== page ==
breathe

October 21, 2016

I’ve been taking yoga classes regularly for almost two years now.  A big part of yoga is breathing. Focusing on breathing, on filling your lungs and emptying them out in ways we don’t normally in everyday life.  Moving and breathing at the same time, calmly, in a way that is both energizing and relaxing.  It’s good stuff.

This week, I went in for a practice scuba session at the dive shop, in preparation for my dive trip next month.  And I realized that scuba focuses on breathing even more than yoga does.  Taking yoga has actually made me a better scuba diver, in terms of controlling breath and breathing calmly.  I think I’ve cut my air usage by a third since taking yoga.  Using less air means more time under water!

But it’s more than that, because in yoga I still struggle with keeping my attention focused.  Not letting my thoughts drift off to the to do list or whether I love or hate the background music or trying to remember when was the last time I washed my mat.

But you know what turns out to be very focusing? That whole, “Yeah, if I don’t breathe correctly using this mechanical device, I’ll die” thing.  Very focusing, that.  And oddly relaxing.  Even sitting at the bottom of a twelve-foot pool, listening to bubbles tumble out of the regulator, making sure my breaths stay slow — slow breath in, slow breath out — I think that’s about the most zen I’ve ever been.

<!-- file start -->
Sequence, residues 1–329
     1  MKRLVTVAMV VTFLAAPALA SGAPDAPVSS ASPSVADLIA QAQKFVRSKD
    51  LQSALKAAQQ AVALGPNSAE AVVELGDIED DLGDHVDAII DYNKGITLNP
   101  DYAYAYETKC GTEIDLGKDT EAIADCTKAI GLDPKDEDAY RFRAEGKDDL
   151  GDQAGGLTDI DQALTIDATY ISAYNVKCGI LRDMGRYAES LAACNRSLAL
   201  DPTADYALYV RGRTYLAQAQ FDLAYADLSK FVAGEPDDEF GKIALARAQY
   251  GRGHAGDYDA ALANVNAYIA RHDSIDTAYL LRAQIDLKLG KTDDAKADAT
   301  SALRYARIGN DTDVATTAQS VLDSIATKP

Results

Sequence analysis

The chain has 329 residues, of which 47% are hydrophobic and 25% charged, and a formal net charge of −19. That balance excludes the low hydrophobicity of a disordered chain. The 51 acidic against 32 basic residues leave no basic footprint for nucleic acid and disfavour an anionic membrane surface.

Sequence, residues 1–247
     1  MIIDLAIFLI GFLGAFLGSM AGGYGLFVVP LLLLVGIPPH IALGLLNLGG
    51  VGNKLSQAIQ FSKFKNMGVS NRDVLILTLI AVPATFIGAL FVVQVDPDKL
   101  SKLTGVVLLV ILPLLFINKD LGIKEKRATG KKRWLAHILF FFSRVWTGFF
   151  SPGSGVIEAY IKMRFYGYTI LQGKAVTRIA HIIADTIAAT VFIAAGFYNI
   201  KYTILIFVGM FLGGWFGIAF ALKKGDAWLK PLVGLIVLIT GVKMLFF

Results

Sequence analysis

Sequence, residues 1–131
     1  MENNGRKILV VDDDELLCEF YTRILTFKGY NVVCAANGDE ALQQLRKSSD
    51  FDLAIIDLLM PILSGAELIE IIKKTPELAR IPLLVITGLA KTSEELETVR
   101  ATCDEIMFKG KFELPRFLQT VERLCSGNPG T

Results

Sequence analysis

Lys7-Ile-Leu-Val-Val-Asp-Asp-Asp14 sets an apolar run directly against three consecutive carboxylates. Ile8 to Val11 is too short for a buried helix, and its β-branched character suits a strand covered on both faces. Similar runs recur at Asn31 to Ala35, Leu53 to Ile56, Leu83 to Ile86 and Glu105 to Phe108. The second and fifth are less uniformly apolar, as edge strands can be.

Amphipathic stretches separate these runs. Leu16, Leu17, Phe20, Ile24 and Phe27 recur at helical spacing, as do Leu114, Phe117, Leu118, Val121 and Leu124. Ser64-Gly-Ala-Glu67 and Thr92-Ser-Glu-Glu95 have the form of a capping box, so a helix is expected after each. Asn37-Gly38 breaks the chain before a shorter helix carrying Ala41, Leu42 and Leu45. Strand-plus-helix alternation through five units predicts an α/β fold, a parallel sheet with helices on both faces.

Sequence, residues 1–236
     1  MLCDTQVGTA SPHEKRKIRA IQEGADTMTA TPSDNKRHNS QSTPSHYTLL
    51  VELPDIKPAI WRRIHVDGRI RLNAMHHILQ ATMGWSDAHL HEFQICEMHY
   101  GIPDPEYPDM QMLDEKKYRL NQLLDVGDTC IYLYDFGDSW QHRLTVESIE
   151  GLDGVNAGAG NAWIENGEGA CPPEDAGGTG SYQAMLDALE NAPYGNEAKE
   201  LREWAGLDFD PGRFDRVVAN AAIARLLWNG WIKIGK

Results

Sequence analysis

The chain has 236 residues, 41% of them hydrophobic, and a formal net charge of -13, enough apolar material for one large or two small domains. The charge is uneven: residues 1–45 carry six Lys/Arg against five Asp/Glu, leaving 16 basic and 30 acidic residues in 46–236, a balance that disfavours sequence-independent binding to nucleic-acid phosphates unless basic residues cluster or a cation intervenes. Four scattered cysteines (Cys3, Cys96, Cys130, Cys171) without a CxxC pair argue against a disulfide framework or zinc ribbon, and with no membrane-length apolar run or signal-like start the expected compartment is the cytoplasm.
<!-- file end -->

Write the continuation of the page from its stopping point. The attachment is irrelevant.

It’s even better in open water.  One month, I’ll be there.

 

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4 Responses to “breathe”


  1. Wow. I’d really like to try scuba one day – it’s one for my bucket list! My partner does yoga. I practice a form of Japanese Buddhist meditation called ‘Zazen’ which is all about just sitting still and breathing.

    I’ve heard of Yogis who can lower their heart rate and breathing to very slow at will, with practice. That would certainly be useful for sub-aqua activities. Fascinating stuff!

  2. Carbonman Says:

    I learned Zazen as part of a Buddhist martial art. It’s interesting how quickly a person can sink into a deep meditative state if they practice it several times a week. My ‘to do’ lists come up briefly and then melt away until I surface again.


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